After we had enough water chestnuts from the farm, it was time to taste them. I enjoyed water chestnut drinks when I was young so I was happy to taste the fresh and crunchy ones before they were boiled.
I was introduced to Kamlai who would teach me how to cook thubthim krob (also spelled tub tim krob), a dessert made of water chestnuts rolled in tapioca flour and boiled. It is topped with crushed ice, syrup and coconut milk before being served.
"We select thubthim krob because the snack is easy to make. Also, the sweet was recognised by CNN in 2018 as one of the world's top 50 desserts. In Thailand, another dessert listed was sticky rice with mango," said Koolchaya.
Thubthim krob needs a short time for preparing and cooking, and the cold dessert brings refreshment under the midday Sun.
I left the farmland about noon. My next programme was to survey the century-old Sri Prachan market. Lining small concrete alleys were two-storey wooden shophouses. Only a handful of them were open for selling items like noodles, snacks, everyday products or offering some services like bicycle repair.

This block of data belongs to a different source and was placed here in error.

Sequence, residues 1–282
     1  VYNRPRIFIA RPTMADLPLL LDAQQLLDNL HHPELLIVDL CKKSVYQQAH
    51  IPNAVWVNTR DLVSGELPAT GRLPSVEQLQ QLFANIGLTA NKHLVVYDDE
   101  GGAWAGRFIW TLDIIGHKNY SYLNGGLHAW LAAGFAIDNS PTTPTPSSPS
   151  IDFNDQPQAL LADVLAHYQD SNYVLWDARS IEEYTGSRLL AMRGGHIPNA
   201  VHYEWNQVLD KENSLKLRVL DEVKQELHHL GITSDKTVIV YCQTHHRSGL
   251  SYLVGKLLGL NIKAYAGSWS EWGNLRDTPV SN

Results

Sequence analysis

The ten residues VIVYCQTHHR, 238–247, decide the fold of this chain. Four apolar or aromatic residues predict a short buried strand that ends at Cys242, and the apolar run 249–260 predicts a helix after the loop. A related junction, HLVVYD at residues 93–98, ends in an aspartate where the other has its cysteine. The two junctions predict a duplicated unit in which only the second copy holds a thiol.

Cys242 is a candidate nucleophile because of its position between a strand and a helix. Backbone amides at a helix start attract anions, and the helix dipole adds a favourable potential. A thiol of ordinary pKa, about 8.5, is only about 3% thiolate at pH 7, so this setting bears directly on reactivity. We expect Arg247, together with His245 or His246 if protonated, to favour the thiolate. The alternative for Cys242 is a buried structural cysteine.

The highlight of this community is the old house of the Aryankura family. It was the birthplace of the highly revered monk Somdet Phra Buddhakosajarn, or Prayudh Payutto. The property was turned into a museum 14 years ago to exhibit his biography and collections of his works, including hundreds of dhamma books.
The museum's name is Chatiphumi Sathan P.A. Payutto, meaning the home of the venerable Buddhist monk. The P.A. initials stand for his secular name: Prayudh Aryankura. The monk was ordained when he was 12 years old.
Regarded as one of the leading scholars of Thai Theravada Buddhism, Somdet Phra Buddhakosajarn, now 82, was awarded the Prize for Peace Education in 1994 by Unesco in recognition of his contribution to education. Today he still writes dhamma books.
Managed by Chatiphumi Sathan P.A. Payutto Foundation, the museum, which was closed during the past two months, is ready to welcome visitors.
My last stop was at the Buffalo Village, which is home to almost 100 buffaloes including the oldest named Pan. It is a male buffalo. He is 25 years old, which is the average lifespan of buffaloes.
When I visited the site last week, staff members had renovated the coffee shop to make it bigger, giving more room for each customer. The village will reopen on June 1.
When it is open, visitors can touch, feed and ride buffaloes. Daily buffalo shows will resume as well as other activities like ploughing with a buffalo, planting or harvesting rice and cooking classes among others.
Although Sri Prachan is the smallest district in Suphan Buri, it is a wonder that gave me an eye-opening experience.